SANAA - More than 30 people, including civilians, were reported have been killed Wednesday in air raids on Yemen's capital, where a Saudi-lead coalition has been bombing Iran-backed Huthi rebels.
The Huthis, who control Sanaa along with forces loyal to former president Ali Abdullah Saleh, blamed the pro-government Arab military coalition for the attack on Arhab district.
The rebels' claim that the Saudi-led coalition had carried out the attack was made in a statement on their Al-Massira television channel. A spokesperson for the coalition not reachable for comment.
Human rights groups have repeatedly criticised the coalition over the civilian death toll from the bombing campaign it launched in support of Yemen's internationally recognised government in March 2015.
Since then, thousands of people have been killed in the conflict, most of them civilians.
Amnesty International and Human Rights Watch have called on the United States, Britain and France to stop their deliveries of bombs and other weapons to Saudi Arabia because of concerns over the civilian casualties.
Wednesday's strikes on Sanaa's northern outskirts killed at least 35 people, and rescue workers were still pulling bodies from the rubble, said Hussein al-Tawil, head of the Sanaa branch of Yemen's Red Crescent.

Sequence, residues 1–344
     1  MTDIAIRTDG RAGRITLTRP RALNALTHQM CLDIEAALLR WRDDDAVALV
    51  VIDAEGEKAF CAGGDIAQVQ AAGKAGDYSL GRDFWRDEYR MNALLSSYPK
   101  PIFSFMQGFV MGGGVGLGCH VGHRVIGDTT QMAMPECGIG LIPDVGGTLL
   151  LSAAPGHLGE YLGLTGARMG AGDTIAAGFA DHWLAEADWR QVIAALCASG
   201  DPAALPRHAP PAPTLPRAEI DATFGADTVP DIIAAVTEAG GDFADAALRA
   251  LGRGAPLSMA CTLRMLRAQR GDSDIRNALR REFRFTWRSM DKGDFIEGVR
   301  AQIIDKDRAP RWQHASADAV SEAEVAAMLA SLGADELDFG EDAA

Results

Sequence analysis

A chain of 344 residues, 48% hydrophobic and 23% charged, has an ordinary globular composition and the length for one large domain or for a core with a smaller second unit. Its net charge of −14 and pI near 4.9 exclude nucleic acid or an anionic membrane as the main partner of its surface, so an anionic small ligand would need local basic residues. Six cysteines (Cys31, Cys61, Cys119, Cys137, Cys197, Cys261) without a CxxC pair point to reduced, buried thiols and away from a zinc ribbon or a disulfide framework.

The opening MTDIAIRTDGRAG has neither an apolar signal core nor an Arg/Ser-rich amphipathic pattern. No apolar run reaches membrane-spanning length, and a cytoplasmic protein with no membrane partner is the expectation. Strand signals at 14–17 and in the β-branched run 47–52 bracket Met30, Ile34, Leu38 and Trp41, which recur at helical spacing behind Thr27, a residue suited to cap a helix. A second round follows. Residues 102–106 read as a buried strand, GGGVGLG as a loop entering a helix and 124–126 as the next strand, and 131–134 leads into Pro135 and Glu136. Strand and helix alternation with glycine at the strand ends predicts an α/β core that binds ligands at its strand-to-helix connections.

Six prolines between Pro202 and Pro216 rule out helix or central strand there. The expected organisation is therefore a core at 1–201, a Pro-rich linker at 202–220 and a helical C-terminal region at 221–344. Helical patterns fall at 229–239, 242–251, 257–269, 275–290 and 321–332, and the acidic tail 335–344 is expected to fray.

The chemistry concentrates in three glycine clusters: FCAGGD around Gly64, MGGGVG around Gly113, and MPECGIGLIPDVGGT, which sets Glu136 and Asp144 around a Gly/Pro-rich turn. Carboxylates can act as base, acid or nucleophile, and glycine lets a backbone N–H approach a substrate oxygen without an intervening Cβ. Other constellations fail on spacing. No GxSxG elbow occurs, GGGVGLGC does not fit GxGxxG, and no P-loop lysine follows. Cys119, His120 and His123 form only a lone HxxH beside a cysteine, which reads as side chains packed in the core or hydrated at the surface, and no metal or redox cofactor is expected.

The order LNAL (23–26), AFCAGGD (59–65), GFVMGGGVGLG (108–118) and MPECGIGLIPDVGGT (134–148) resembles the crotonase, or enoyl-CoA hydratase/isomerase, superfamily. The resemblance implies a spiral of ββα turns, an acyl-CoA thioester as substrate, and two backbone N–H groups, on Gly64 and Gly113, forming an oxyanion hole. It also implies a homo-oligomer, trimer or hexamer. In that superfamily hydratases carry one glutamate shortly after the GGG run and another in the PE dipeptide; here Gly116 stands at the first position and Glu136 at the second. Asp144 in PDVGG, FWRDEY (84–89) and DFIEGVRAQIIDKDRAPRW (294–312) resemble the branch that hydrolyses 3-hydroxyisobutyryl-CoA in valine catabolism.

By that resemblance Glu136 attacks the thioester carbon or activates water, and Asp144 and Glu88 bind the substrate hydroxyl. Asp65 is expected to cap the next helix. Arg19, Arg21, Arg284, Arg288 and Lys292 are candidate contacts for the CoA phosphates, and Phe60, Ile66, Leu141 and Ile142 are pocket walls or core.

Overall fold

An official with an international aid organisation confirmed that at least 30 people had been killed in a series of strikes on the capital.
At least one strike targeted a motel where workers from a nearby qat farm had been staying, according to witnesses and the motel manager, Taher al-Ahdal.
Residents said members of the Huthi rebel group had also been staying in the area.
No one has yet claimed responsibility for the strike, which Tawil said had also wounded at least 13 people who had been admitted to hospitals.
Yemen's capital has been controlled by the Huthi alliance since September 2014.
The Saudi-led military coalition stepped in in 2015 to back up Yemen's President Abedrabbo Mansour Hadi, and it now controls the country's airspace.
The United States also regularly conducts drone strikes on Yemen which Washington says target Al-Qaeda.
Northern and southern Yemen have both come under aerial attack in recent months, and the coalition has come under massive pressure from international organisations including the United Nations for its role in the raids.
The UN has said the Saudi coalition was likely responsible for a July attack on the southwestern Taez province killed 20 people, including children.
An air raid on a funeral reception in Arhab killed eight women and one child in February, prompting the Saudi-led coalition to announce it was "investigating the reports".
The coalition has not however claimed responsibility for the attack.
In June, 24 civilians were killed when an air strike hit a market in northern Yemen that was a centre for trafficking in qat, a leafy stimulant plant that is widely used in Yemen but banned by neighbouring Saudi Arabia.
Sources including hospital officials blamed the June strike on the Saudi-led Arab coalition, which has also not claimed responsibility for the attack.